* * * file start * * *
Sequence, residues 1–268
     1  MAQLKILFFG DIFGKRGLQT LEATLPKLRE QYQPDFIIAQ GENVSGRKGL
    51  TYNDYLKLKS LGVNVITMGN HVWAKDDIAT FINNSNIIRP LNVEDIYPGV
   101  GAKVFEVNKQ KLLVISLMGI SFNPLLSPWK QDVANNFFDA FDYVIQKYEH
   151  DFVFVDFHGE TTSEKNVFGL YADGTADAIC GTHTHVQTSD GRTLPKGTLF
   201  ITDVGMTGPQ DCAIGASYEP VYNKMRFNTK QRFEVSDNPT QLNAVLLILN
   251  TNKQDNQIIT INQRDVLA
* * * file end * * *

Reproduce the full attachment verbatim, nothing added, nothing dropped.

Sequence, residues 1–268
     1  MAQLKILFFG DIFGKRGLQT LEATLPKLRE QYQPDFIIAQ GENVSGRKGL
    51  TYNDYLKLKS LGVNVITMGN HVWAKDDIAT FINNSNIIRP LNVEDIYPGV
   101  GAKVFEVNKQ KLLVISLMGI SFNPLLSPWK QDVANNFFDA FDYVIQKYEH
   151  DFVFVDFHGE TTSEKNVFGL YADGTADAIC GTHTHVQTSD GRTLPKGTLF
   201  ITDVGMTGPQ DCAIGASYEP VYNKMRFNTK QRFEVSDNPT QLNAVLLILN
   251  TNKQDNQIIT INQRDVLA